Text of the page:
applies to onshore unconventional oil and gas extraction facilities 
regulated under Subpart C. Subpart C excludes facilities regulated 
under Subpart F.

III. Summary of Analysis and Results

    A detailed description of the data sources, methodology, and 
associated analyses can be found at: https://www.epa.gov/eg/unconventional-oil-and-gas-extraction-effluent-guidelines. This section 
summarizes that information and provides results.
    First, the EPA conducted additional analyses to determine whether 
wells discharging to POTWs in Pennsylvania would meet the definition of 
``unconventional'' and thus be subject to the EPA's 2016 UOG rule. Oil 
and gas operators in the Commonwealth of Pennsylvania must report to 
the Pennsylvania Department of Environmental Protection information on 
their wells, such as wastewater management and formation type. During 
development of the 2016 UOG rule, the EPA used this Commonwealth-
compiled data to support the Agency's finding that there were no UOG 
extraction facilities discharging wastewater to POTWs. However, based 
on the information submitted to the EPA after promulgation of the rule, 
the Agency came to understand that some facilities that would meet the 
definition of unconventional in the 2016 UOG rule were categorized as 
conventional in the Pennsylvania data that the EPA relied on, based on 
the Commonwealth's narrower definition of unconventional. Accordingly, 
the EPA has re-evaluated the available data. In particular, the EPA 
used information that the oil and gas extraction facilities reported to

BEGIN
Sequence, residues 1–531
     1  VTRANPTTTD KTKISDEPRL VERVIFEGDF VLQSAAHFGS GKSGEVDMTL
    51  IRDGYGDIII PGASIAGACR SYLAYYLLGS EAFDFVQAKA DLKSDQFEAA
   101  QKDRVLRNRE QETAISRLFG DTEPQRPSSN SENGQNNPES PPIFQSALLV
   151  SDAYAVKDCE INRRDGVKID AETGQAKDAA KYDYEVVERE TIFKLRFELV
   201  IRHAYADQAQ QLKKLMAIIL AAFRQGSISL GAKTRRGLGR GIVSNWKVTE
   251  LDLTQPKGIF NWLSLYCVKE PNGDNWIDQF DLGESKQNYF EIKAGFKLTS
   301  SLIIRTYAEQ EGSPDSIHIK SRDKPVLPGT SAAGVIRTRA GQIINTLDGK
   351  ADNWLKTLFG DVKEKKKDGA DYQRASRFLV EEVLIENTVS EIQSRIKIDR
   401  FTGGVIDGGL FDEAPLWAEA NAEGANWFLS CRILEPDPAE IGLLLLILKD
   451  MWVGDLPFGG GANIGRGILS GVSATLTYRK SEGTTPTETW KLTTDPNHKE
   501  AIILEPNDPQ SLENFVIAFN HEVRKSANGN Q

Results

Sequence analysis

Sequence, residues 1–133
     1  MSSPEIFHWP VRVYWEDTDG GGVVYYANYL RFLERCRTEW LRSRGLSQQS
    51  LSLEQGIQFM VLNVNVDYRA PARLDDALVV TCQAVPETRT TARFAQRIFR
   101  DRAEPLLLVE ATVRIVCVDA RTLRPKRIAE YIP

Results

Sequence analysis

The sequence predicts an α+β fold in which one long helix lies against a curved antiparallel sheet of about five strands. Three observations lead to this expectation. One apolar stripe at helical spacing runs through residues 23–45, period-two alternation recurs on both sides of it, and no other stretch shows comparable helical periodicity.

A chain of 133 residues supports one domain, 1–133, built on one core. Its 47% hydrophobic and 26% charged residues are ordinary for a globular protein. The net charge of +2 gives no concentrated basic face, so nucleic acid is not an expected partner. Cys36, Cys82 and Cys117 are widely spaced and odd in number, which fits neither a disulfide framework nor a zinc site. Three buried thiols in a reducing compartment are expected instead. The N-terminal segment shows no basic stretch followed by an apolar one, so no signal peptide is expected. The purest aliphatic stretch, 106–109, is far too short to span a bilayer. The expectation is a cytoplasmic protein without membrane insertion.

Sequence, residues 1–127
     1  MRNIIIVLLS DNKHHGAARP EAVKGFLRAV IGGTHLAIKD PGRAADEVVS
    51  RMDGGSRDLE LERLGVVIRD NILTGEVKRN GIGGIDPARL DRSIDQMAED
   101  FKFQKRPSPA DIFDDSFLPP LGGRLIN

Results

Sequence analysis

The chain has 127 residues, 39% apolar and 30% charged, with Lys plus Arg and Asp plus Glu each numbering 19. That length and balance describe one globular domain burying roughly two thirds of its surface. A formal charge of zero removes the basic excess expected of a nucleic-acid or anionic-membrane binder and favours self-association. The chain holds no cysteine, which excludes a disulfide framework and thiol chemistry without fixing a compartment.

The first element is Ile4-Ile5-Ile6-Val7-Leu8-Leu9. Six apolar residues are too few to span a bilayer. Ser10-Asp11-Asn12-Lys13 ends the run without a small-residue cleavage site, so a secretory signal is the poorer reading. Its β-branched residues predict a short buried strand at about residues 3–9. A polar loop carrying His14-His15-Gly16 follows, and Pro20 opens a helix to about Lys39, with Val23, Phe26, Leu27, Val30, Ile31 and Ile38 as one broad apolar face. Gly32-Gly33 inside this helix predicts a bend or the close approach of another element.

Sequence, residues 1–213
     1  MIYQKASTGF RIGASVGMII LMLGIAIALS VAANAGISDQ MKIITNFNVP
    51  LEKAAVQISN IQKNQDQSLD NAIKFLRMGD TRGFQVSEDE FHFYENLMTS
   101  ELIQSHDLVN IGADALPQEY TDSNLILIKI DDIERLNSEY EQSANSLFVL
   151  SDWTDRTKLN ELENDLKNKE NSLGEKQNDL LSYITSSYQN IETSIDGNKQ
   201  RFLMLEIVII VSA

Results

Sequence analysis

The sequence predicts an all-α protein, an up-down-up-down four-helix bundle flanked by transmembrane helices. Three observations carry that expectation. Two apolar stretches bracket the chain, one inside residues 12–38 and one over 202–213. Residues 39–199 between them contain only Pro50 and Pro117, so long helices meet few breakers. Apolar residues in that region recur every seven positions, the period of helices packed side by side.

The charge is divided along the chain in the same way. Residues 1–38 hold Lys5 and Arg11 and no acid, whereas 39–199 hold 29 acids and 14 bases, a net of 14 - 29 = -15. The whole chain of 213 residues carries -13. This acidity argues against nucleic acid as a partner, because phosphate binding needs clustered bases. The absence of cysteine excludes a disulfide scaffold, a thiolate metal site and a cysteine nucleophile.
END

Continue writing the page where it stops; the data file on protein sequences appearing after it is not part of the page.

Pennsylvania for 2016 and well formation information from multiple 
sources to identify those oil and gas extraction facilities that 
discharged any wastewater to POTWs and that are defined as conventional 
under Pennsylvania's definition, but are defined as unconventional 
under the UOG rule's definition.\1\ As described above, oil and gas 
extraction activities regulated under the Stripper Subcategory (Subpart 
F) are not included in this rule, and therefore were not included in 
the scope of analyses discussed in this notice. In the analysis of the 
data, the EPA excluded any well that had less than a ratio of 15,000 
cubic feet of gas per 1 barrel of oil and had less than an average of 
10 barrels per day of oil over the year's reported production and 
number of producing days. Based on the 2016 Commonwealth data, the EPA 
determined that out of 879 oil and gas extraction entities reporting to 
Pennsylvania in 2016 (and over 6,000 entities nationwide), 22 entities 
discharged at least some portion of their wastewater to a POTW from UOG 
operations as defined by the 2016 UOG rule. Based on the 2016 data, the 
EPA concludes that this subset of entities may need to make changes to 
comply with the 2016 UOG rule (and would incur any associated costs).

    \1\ The EPA defines unconventional as: 40 CFR 435.33(a)(2)(i) 
Unconventional oil and gas means crude oil and natural gas produced 
by a well drilled into a shale and/or tight formation (including, 
but not limited to, shale gas, shale oil, tight gas, tight oil). 
Pennsylvania defines an unconventional formation as: A geological 
shale formation existing below the base of the Elk Sandstone or its 
geologic equivalent stratigraphic interval where natural gas 
generally cannot be produced at economic flow rates or in economic 
volumes except by vertical or horizontal well bores stimulated by 
hydraulic fracture treatments or by using multilateral well bores or 
other techniques to expose more of the formation to the well bore 
(See DCN SGE01486).

    For each well that generated wastewater that was sent to a POTW 
from these 22 entities, the EPA determined the nearest wastewater 
management alternative (centralized waste treatment (CWT) facility or 
Class II underground injection control (UIC) well). The EPA found that 
wastewater management alternatives were available to all of these 
entities as many of them reported using another wastewater management 
alternative in addition to a POTW in 2016. To estimate the potential